If you are looking for something a bit different from the norm to entertain your audiences, something with a fun routine, then this unusual effect will almost certainly fit the bill.
The performer displays a casket which he claims to have discovered unexpectedly in an old junk shop, and which the shopkeeper told him once belonged to Ancient Egypt’s Queen Nefertiti and has an unusual story behind it. Removing the lid from the casket, the performer reveals a small box which completely fills the interior of the casket. The smaller box features the golden death mask of Nefertiti’s husband, the Pharaoh, who gave her this box shortly before he died. This small box is then tipped out of the casket, leaving the casket completely empty prior to its lid being replaced.
The small box contains a golden, gem-studded ankh which once belonged to the Pharaoh and which is special in more ways than one: firstly, because the golden ankh has a power similar to that of a divining rod which enables it to reveal to its owner, Queen Nefertiti, any presence that may prove to be harmful to her; and secondly, that this prized golden ankh can never be stolen from her. The performer, using five special Egyptian cards, proves the divining power of the ankh to detect evil and then the ankh is returned to its box…
And now, according to the junk shopkeeper who sold Nefertiti’s casket to the performer, this is where the story really begins to get interesting. A wily old Egyptian antique dealer known as Cairo Con originally owned Nefertiti’s casket and the small box and golden ankh it contained. Cairo Con, after much haggling with a tourist wanting desperately to buy the valuable golden ankh, would finally agree to sell it to him, together with the small box which housed it. Unfortunately, however, when the gullible tourist finally returned home and opened the box to examine his priceless treasure, he discovered – to his considerable dismay! – that the golden ankh had disappeared completely! And where had it gone? Cairo Con was not called by that name for nothing: the golden ankh always returned, unfailingly, to Nefertiti’s casket (which Cairo Con claimed he held in trust for the Queen), thereby enabling him to make up a new small box to house the ankh which he could then sell all over again. And again. And again… Always safe in the knowledge that the valuable ankh would return to the casket where it rightfully belonged!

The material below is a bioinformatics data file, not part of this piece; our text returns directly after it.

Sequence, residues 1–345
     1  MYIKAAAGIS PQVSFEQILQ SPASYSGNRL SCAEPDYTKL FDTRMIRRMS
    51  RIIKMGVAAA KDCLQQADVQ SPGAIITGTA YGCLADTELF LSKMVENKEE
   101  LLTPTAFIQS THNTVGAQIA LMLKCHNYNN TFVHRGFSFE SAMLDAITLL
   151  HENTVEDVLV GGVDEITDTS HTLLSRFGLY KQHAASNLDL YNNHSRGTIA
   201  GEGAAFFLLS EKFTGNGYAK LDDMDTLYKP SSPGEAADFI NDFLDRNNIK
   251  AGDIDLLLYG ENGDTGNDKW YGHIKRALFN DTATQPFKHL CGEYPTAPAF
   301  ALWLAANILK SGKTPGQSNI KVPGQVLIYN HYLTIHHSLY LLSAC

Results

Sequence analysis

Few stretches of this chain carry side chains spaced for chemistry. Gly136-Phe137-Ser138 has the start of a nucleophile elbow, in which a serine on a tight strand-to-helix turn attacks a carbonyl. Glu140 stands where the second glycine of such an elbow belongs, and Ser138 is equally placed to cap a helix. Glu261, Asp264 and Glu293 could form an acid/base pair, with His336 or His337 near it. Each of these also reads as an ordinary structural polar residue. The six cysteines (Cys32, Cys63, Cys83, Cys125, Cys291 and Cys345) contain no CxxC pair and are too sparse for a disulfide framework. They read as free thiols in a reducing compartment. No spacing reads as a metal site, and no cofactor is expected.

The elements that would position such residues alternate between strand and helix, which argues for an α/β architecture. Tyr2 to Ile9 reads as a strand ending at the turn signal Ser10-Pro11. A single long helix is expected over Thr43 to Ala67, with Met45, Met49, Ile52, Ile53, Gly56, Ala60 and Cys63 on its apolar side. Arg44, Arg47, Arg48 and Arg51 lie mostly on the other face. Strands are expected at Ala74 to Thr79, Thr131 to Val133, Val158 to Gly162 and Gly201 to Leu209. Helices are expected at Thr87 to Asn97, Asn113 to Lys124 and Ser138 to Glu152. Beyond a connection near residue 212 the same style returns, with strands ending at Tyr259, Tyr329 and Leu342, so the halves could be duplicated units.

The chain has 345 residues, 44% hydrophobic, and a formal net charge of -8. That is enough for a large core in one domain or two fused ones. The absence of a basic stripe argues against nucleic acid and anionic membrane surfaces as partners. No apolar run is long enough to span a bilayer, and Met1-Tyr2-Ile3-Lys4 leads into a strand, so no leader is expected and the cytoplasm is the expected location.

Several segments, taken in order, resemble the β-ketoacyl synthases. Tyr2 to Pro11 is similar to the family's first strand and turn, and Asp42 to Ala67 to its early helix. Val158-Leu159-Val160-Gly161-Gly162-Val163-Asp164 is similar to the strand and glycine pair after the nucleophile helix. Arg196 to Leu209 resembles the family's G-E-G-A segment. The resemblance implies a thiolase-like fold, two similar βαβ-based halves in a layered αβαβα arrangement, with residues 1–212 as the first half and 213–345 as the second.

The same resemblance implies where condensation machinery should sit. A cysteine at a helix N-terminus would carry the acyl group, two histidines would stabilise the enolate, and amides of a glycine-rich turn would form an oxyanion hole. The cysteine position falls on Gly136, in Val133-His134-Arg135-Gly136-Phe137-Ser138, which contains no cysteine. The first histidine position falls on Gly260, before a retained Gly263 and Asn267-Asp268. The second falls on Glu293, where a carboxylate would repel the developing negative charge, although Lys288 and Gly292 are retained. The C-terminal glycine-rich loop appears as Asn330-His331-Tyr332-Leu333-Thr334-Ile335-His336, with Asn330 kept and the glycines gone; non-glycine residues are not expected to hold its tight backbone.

The exquisitely handcrafted teak casket measures approximately 10.5 x 7.5 x 6 cms, and is decorated with both inlay and relief work. The smaller teak box containing the golden ankh measures 8 x 5.5 x 2.5 cms. The recess in the top of the lid is framed with a rectangular black border set in relief. A specially moulded golden pharaoh’s head is mounted in the recess. Inlaid bandings are also a feature on this smaller box.
The golden ankh is decorated with a small blue natural gemstone and measures approximately 6.25 cms in length. A full routine and five special cards featuring an Egyptian back are also supplied with the apparatus.